I really miss Pride celebrations.
It’s a time for the entire LGBTQ+ community to come together and celebrate accepting who we are. It’s also a chance for everyone to engage with queer issues and educate themselves.
However, sadly the pandemic threw a Miley Cyrus wrecking ball at 2020 global celebrations… But London Pride is back on for 2021 and I really hope more brands (and agencies) get it right.
My life basically revolves around memes and one of my favourites from the year is currently going viral as pride month approaches.
Although hilarious, it also speaks volumes to how advertising and marketing often fail the LGBTQ+ community. This has been spoken about for years and is hardly a hot take. However, as I get older (and further away from my twink years) I do find myself getting more irritated with queer representation in brand campaigns. We need to be bolder. We need to do more.
Throwing a gay couple in a film or plastering your socials with rainbow flags just doesn’t cut it. Rather than challenge public opinion, many brands seem to be happy to showcase parts of the LGBTQ+ community which are easily palatable for a mainstream straight audience. For example, by featuring a white gay couple, or harnessing the recent rise of drag queens.
Don’t get me wrong – representation is almost always great. I’d be lying if I said I didn’t feel represented when I see a gay couple on screen. However, the G in LGBTQ+ is hardly the section of the acronym that needs the most brand support and solidarity. Transgender rights are constantly under threat – whether that’s by once loved children authors or from the UK government. It’s time for brands to take a more active role in helping the more marginalised members of the LGBTQ+ community – especially if they want to continue to commercialise pride (and take a slice of the so-called pink pound).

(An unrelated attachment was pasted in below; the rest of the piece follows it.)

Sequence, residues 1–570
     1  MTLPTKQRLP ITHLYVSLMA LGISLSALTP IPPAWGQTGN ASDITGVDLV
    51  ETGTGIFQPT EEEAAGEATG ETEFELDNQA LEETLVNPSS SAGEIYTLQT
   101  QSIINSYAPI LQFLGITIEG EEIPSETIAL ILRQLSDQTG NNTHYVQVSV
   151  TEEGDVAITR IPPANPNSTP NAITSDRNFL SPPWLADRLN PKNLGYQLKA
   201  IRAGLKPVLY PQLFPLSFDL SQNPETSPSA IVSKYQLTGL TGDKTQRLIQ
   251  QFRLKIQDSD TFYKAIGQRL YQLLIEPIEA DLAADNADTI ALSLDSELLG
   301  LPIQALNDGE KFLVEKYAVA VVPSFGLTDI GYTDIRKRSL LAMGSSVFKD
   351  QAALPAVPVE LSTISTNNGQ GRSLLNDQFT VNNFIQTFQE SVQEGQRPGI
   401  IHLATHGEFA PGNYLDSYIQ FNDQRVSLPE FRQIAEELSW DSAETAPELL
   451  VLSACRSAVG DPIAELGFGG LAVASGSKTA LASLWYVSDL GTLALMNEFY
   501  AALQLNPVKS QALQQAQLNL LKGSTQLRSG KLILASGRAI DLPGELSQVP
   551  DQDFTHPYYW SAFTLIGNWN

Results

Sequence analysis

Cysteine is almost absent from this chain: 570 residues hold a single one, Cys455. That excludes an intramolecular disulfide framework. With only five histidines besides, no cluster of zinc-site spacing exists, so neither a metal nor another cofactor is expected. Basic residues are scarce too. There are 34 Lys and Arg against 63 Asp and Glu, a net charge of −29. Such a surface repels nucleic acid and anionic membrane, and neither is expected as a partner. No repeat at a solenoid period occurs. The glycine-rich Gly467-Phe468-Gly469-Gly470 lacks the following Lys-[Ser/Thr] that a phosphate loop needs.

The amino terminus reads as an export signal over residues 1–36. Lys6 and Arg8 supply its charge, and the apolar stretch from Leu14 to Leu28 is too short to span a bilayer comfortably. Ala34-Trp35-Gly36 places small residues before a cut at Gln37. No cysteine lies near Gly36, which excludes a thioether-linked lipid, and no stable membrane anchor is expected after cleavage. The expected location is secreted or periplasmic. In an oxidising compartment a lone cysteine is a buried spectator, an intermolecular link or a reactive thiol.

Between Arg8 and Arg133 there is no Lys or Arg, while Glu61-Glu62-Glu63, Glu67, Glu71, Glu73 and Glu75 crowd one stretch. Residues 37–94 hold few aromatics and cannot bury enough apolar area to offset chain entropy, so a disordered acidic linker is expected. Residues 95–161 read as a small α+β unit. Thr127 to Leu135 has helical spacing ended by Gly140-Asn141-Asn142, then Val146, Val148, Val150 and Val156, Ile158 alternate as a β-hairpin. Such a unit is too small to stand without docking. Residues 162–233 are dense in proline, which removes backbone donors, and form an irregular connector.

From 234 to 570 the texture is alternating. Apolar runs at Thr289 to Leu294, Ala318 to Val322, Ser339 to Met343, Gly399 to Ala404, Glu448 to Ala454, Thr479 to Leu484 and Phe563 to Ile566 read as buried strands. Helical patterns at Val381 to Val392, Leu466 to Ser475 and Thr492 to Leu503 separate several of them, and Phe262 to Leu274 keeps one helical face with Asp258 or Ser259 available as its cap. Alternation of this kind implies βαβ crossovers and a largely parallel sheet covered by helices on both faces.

The first thing I’d like to see brands and agencies do is break up the LGBTQ+ acronym. That means fully understanding what each of those letters mean. Of course, gay men should be represented, but their presence shouldn’t tick off the entire community.
For example, my experiences as a white gay man are very different to someone who identifies as trans, or a queer person of colour. So can you really say you’ve ticked the LGBTQ+ diversity box by just including someone like me in your campaign? While there has been some change, most brands are still failing (or not trying) to understand our differences – leaving most of the community underrepresented.
On the flip side, brands shouldn’t just select a new letter to appear ‘woke’. Instead, let’s include meaningful thought and direct input from the LGBTQ+ community – whether that be colleagues, artists, storytellers or contributors. Brands, including non-profits, have the power to raise awareness of the challenges faced by LGBTQ+ people and help drive positive change. This would create an affinity between the community and brand which can only mean a good thing for business – just look at how Absolut Vodka has managed it.
Pride month is a funny one. It puts an incredible spotlight on the issues still faced by the LGBTQ+ community, but the fight for equality should be a year-round responsibility. The influence brands have across mainstream audiences and public opinion is huge. It’s time to break up the LGBTQ+ acronym and create content that represents us all.
So please, don’t just tick the box.